Employment of correctional officers and bailiffs is projected to grow 4 percent from 2014 to 2024, slower than the average for all occupations.
Correctional officers will continue to be needed to watch over the U.S. prison population. Most states are projecting that they will have more prisoners in the future. However, changes to criminal laws can have a large effect on how many people are arrested and incarcerated each year.
Faced with high costs for keeping people in prison, many state governments have moved toward laws requiring shorter prison terms and alternatives to prison. While keeping the public safe, community-based programs designed to rehabilitate prisoners and limit their risk of repeated offenses may also reduce prisoner counts.
Bailiffs will continue to be needed to keep order in courtrooms.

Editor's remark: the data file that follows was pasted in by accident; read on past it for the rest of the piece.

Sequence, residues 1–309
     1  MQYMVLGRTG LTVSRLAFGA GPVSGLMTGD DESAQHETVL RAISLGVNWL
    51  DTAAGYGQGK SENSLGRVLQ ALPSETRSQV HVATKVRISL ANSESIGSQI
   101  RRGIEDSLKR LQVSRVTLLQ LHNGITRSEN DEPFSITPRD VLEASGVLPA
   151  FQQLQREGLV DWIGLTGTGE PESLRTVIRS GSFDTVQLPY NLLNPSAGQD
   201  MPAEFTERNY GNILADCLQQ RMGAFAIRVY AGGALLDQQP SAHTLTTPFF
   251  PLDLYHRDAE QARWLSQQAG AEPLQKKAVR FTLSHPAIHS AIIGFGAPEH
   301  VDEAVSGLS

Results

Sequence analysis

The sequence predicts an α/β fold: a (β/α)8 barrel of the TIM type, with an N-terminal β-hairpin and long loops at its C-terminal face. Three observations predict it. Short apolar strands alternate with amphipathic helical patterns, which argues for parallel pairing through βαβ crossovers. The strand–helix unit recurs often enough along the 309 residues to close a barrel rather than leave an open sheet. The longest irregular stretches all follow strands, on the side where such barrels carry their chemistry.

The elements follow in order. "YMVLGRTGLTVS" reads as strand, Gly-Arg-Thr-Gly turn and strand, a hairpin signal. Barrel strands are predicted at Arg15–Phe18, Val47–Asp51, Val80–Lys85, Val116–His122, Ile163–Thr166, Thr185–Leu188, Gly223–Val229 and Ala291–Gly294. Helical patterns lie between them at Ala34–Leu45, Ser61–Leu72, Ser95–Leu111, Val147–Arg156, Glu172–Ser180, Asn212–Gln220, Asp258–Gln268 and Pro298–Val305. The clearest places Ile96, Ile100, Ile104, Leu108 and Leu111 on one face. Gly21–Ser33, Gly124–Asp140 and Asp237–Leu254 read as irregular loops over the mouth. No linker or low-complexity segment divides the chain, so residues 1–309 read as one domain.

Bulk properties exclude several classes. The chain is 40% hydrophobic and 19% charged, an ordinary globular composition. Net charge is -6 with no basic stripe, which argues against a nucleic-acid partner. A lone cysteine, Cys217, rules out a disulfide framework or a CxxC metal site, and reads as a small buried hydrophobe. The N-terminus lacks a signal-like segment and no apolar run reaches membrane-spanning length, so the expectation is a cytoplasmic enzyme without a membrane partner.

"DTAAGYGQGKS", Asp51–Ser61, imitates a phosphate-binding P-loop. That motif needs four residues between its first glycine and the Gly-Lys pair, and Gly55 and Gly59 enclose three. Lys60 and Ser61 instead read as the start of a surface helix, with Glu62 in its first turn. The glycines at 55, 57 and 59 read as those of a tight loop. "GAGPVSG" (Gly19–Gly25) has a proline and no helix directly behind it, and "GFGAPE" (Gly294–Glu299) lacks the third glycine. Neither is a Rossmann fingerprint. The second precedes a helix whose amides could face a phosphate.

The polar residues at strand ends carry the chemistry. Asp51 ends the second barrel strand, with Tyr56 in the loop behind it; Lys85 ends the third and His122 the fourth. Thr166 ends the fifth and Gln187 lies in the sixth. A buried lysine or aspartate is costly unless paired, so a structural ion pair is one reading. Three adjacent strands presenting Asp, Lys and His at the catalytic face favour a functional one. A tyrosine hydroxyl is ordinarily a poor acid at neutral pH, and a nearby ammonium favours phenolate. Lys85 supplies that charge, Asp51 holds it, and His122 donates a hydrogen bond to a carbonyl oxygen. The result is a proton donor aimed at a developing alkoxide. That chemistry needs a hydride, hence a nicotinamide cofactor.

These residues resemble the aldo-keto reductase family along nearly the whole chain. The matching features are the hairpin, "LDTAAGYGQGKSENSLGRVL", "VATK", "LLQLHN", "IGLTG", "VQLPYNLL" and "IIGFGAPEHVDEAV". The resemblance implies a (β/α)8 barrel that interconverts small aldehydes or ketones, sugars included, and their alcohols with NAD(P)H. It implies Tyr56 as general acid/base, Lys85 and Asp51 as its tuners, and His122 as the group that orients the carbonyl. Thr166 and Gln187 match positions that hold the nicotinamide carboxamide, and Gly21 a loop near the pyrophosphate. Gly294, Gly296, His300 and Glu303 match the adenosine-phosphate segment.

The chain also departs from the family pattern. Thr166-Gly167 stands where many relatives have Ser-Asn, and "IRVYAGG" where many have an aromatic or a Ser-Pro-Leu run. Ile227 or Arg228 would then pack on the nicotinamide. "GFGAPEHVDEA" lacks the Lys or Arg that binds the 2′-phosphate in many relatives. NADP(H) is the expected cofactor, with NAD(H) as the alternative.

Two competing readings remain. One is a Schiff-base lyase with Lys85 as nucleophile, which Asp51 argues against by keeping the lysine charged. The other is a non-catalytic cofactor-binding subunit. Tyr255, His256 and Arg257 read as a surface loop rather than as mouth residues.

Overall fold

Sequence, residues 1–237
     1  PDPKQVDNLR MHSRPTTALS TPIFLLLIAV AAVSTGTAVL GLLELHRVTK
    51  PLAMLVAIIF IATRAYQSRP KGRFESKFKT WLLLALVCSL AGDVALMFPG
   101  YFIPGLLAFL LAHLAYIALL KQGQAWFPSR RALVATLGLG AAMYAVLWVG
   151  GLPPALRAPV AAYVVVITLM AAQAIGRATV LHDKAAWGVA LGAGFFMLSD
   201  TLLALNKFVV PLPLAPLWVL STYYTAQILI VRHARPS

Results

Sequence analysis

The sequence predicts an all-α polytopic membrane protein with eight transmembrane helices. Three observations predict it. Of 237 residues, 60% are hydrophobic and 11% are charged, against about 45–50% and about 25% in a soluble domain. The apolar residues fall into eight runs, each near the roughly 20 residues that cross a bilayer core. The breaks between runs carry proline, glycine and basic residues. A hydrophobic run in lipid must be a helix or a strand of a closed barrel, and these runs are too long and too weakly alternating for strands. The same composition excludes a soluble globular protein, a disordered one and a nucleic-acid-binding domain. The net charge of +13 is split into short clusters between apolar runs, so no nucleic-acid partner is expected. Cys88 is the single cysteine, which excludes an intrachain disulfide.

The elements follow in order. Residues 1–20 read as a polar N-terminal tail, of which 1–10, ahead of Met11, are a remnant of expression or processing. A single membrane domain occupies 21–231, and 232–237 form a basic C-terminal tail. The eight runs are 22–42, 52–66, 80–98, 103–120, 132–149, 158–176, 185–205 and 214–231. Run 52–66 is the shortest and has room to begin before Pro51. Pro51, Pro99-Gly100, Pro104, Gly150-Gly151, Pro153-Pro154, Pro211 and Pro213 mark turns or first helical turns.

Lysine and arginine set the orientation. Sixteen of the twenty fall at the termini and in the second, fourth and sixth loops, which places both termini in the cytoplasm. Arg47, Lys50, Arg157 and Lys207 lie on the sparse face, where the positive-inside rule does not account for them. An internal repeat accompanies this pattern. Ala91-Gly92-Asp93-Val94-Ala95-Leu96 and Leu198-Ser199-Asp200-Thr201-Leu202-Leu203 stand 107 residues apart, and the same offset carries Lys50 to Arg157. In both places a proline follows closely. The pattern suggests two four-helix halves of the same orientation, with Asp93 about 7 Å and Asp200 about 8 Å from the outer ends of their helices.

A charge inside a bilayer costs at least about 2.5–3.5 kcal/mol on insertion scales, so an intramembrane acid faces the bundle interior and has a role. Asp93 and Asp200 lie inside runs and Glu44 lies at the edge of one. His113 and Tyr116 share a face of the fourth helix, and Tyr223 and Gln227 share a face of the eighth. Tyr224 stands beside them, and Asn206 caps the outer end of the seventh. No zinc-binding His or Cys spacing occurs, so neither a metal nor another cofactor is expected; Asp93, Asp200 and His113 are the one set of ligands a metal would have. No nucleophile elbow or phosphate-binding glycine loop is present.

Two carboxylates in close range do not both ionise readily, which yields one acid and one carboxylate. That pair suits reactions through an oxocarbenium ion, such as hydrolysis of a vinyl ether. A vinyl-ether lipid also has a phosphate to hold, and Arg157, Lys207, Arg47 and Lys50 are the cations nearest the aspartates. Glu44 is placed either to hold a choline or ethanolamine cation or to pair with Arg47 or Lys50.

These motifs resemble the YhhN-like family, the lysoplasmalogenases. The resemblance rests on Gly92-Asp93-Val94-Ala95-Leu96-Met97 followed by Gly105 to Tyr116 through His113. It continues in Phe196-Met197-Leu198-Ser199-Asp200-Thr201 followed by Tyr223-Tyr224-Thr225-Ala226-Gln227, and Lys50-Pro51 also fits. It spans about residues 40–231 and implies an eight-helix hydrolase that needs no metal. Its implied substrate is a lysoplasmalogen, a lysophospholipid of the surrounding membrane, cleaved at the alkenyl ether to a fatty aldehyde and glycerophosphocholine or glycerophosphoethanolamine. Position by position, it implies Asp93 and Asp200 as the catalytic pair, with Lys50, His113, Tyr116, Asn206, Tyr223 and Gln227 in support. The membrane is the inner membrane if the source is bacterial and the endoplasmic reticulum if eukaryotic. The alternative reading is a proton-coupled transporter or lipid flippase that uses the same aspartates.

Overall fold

Job prospects should be good as some local and state corrections agencies experience high job turnover. The need to replace correctional officers who retire, transfer to other occupations, or leave the labor force—coupled with rising employment demand—should generate job openings.
Correctional Officers and Bailiffs
Percent change in employment, projected 2014-24
Total, all occupations
Law enforcement workers
Correctional officers and bailiffs
Correctional officers and jailers
Note: All Occupations includes all occupations in the U.S. Economy. Source: U.S. Bureau of Labor Statistics, Employment Projections program